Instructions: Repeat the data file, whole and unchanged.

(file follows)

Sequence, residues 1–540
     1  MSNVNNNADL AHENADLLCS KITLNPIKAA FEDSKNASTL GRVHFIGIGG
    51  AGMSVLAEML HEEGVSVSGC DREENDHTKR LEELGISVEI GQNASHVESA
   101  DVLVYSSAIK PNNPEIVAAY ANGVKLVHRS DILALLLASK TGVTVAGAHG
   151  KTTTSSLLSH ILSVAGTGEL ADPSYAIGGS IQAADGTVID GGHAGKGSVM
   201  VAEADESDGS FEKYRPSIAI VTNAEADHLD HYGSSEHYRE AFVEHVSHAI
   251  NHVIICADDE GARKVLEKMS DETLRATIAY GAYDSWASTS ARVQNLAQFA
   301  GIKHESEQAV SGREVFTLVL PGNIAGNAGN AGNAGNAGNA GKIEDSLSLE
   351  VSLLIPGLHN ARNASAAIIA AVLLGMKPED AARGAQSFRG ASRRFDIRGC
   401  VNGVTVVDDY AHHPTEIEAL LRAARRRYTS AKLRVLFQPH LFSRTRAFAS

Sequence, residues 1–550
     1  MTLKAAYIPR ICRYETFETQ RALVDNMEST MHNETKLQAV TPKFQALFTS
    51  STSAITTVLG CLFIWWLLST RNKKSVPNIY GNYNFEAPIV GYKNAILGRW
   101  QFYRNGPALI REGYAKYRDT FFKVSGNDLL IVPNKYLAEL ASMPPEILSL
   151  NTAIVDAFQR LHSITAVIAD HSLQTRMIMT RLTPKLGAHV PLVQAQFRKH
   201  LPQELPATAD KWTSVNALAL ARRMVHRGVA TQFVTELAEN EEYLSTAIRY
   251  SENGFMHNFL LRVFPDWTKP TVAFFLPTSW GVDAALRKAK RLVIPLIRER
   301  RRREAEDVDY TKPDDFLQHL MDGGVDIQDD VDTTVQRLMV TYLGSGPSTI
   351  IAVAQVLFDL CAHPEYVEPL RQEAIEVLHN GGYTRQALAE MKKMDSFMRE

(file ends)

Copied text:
Sequence, residues 1–540
     1  MSNVNNNADL AHENADLLCS KITLNPIKAA FEDSKNASTL GRVHFIGIGG
    51  AGMSVLAEML HEEGVSVSGC DREENDHTKR LEELGISVEI GQNASHVESA
   101  DVLVYSSAIK PNNPEIVAAY ANGVKLVHRS DILALLLASK TGVTVAGAHG
   151  KTTTSSLLSH ILSVAGTGEL ADPSYAIGGS IQAADGTVID GGHAGKGSVM
   201  VAEADESDGS FEKYRPSIAI VTNAEADHLD HYGSSEHYRE AFVEHVSHAI
   251  NHVIICADDE GARKVLEKMS DETLRATIAY GAYDSWASTS ARVQNLAQFA
   301  GIKHESEQAV SGREVFTLVL PGNIAGNAGN AGNAGNAGNA GKIEDSLSLE
   351  VSLLIPGLHN ARNASAAIIA AVLLGMKPED AARGAQSFRG ASRRFDIRGC
   401  VNGVTVVDDY AHHPTEIEAL LRAARRRYTS AKLRVLFQPH LFSRTRAFAS

Sequence, residues 1–550
     1  MTLKAAYIPR ICRYETFETQ RALVDNMEST MHNETKLQAV TPKFQALFTS
    51  STSAITTVLG CLFIWWLLST RNKKSVPNIY GNYNFEAPIV GYKNAILGRW
   101  QFYRNGPALI REGYAKYRDT FFKVSGNDLL IVPNKYLAEL ASMPPEILSL
   151  NTAIVDAFQR LHSITAVIAD HSLQTRMIMT RLTPKLGAHV PLVQAQFRKH
   201  LPQELPATAD KWTSVNALAL ARRMVHRGVA TQFVTELAEN EEYLSTAIRY
   251  SENGFMHNFL LRVFPDWTKP TVAFFLPTSW GVDAALRKAK RLVIPLIRER
   301  RRREAEDVDY TKPDDFLQHL MDGGVDIQDD VDTTVQRLMV TYLGSGPSTI
   351  IAVAQVLFDL CAHPEYVEPL RQEAIEVLHN GGYTRQALAE MKKMDSFMRE